A Love Affair With A Cat



We have an old little dog and an even older tomcat. Neither one will live forever, and I’m not looking forward to the inevitable. I’m really not. The tomcat’s name is Quigley, the little dog is Lil. Quigley has been with me longer than my wife has. He was always a ferocious and independent cat. Did not tolerate people well. None of them, with a single exception—me. He was always my companion. Can’t really call him “my” cat, because he simply wasn’t built that way. He’s a white Rag-Doll, large in size and powerfully built. He came into my life some 17 years ago as a kitten, barely old enough to be taken from his mother. As a baby, he slept with me, usually wrapping himself around my head, where I’d find him in the mornings. As he got older, he became a bit more distant. Like I said, he was powerfully built. As an adult, from a standing start, he could leap over a four foot fence in a single bound, land on all four feet, and never make a sound doing it. When he performed such a leap, it was like he floated. He had what I called “hang time”. It was beautiful.


When he came into my life, I lived in Bakersfield, and he was brought into this world by a cat breeder in Santa Clarita, California. A few years later, I had become married, and we made a move to Youngstown, Ohio. Quigley rode all the way out there in the back seat of my Explorer. While living in Youngstown, we bought a house on the edge of Mill Creek Park, a very large and diverse place. Wildlife included aquatic mammals like beaver and otters, groundhogs, foxes, raccoons, deer, and the occasional bear. Quigley considered Mill Creek park part of his personal territory, and defended it.


Every spring, before the snow melted, Quigley would go hunting in our front yard for the rodents that were starting to have some activity. He was a tundra-hunter. Savage, courageous, independent, and beautiful with his white fur bushed out and his blue eyes. I’d find the headless bodies of moles, mice, and other unknown rodentia near the front door. Although I never really witnessed it, I always believed that Quigley preferred to eat the crunchy part, and leave the rest for someone else.


On one of those mornings, I got a phone call from Chuck, my neighbor across the street, inquiring if I knew what Quigley was up to in the yard. I looked outside and saw that he was rolling around on his back in the snow repeatedly picking up something with his paws, tossing it into the air above him, and then smacking it away. Then repeating. I went out and found that he was, indeed playing with his food. He’d caught a mole, and the mole was paying the price.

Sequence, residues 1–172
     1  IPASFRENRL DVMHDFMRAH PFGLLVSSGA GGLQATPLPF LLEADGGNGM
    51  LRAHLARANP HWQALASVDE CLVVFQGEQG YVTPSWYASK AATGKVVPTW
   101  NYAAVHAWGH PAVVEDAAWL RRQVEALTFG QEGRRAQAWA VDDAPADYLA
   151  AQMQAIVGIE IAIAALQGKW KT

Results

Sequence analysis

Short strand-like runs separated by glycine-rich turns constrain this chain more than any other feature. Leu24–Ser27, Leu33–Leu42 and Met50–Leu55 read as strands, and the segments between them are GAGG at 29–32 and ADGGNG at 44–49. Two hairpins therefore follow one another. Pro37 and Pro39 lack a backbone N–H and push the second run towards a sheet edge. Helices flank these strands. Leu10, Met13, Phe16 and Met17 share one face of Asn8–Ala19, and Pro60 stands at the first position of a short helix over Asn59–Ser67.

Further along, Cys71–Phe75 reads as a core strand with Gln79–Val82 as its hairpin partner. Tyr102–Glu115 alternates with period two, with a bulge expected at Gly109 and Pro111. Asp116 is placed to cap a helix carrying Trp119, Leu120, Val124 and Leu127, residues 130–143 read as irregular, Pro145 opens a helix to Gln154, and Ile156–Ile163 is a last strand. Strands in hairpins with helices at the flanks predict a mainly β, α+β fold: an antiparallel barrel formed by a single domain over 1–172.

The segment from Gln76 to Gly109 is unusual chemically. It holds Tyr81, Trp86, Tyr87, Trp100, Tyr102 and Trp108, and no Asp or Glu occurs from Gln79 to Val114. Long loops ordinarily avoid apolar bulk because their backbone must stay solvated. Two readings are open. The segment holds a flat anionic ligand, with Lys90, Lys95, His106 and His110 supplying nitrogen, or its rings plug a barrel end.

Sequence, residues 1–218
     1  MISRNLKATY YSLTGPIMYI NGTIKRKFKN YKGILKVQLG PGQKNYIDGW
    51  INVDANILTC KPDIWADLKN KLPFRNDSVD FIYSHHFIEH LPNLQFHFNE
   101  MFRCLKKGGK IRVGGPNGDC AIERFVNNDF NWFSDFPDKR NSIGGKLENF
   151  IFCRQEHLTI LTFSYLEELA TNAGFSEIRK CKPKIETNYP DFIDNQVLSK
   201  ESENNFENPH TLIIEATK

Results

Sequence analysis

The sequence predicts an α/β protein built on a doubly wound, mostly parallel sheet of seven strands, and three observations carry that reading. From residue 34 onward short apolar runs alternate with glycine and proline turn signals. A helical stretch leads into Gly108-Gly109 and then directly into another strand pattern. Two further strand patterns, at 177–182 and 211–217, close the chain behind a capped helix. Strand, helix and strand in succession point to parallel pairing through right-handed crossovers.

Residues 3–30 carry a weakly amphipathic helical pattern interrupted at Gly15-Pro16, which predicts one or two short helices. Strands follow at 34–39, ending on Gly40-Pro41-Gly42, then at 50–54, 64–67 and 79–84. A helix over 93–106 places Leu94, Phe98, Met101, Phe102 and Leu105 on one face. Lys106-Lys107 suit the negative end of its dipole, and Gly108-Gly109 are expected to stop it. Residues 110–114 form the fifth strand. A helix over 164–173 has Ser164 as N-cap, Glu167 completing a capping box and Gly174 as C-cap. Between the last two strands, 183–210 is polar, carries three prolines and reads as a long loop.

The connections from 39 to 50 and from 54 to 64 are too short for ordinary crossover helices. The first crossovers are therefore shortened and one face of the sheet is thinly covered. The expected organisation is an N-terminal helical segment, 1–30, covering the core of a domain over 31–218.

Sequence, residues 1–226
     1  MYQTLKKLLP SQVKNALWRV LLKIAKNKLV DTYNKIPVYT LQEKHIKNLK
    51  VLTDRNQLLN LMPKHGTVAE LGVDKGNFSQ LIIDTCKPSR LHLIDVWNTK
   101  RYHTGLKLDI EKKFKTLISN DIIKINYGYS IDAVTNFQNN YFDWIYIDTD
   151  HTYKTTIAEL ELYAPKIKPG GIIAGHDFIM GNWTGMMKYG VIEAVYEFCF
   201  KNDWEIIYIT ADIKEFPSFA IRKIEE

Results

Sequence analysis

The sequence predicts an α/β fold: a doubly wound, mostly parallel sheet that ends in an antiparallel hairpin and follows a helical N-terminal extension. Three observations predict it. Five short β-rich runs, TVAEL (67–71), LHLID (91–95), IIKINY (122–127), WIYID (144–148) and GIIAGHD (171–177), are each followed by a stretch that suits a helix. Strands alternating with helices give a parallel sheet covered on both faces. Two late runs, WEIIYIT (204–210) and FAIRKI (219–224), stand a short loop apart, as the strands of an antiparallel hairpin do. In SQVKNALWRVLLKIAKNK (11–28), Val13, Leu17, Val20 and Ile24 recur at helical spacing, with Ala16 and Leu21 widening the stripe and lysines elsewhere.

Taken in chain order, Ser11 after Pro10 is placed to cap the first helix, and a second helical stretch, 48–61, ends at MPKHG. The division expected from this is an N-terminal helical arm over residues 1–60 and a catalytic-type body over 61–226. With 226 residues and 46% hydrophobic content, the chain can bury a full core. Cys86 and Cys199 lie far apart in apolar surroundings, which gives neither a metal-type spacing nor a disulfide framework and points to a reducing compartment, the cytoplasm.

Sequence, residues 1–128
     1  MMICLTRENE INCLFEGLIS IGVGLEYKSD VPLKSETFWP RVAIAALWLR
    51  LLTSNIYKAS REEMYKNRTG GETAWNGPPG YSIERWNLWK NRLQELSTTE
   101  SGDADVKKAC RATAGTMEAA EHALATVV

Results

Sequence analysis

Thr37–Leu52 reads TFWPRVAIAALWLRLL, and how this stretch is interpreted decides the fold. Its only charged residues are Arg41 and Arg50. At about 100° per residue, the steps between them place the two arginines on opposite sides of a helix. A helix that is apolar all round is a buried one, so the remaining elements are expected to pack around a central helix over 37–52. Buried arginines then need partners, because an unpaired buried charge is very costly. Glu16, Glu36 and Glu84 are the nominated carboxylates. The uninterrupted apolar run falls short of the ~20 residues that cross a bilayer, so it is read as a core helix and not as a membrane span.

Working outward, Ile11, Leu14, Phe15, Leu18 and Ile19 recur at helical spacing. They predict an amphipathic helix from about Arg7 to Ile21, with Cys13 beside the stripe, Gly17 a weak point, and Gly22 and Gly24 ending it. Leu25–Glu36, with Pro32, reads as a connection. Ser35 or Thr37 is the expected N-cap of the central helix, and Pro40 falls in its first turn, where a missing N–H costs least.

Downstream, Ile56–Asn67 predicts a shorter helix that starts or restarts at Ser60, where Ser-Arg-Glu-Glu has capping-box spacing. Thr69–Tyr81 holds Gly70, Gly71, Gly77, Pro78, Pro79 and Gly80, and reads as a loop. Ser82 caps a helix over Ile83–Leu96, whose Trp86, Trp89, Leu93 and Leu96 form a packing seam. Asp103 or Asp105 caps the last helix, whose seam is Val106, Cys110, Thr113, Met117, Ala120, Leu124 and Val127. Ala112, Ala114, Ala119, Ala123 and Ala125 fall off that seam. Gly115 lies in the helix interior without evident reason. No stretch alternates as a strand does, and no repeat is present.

When we left Ohio and came to Castle Rock, it was a new place for Quigley. He established, once again, that he was the baddest tomcat in the area. He maintained a tight control over the area. That was 6-7 years ago.


Here’s the sad part, at least for me. About 4 or 5 months ago, Quigley’s behavior changed dramatically and substantially. He became a full-time lap cat. He doesn’t go outside anymore. He can barely leap enough to get into my lap. He’s lost easily half of his body weight. He can’t properly groom himself anymore. Sometimes he forgets where to crap. He throws up a lot.


I know what all this means, but I’ve never had this long of a relationship with a cat. I wonder if a cat has any sort of awareness as to who he is and where he stands in the family. He’s still my boy, and the two of us know that. I just hope that he makes it until Spring. He always loved early Spring the best.


I’ll keep babying him until it looks like he’s always in pain, or if his kidneys fail. A fine, tough, strong tomcat, wracked with the ravages of time. I’m not looking forward to that day at all.


I’ll write about the old dog on another day. It’s also a love story that covers quite a few years.



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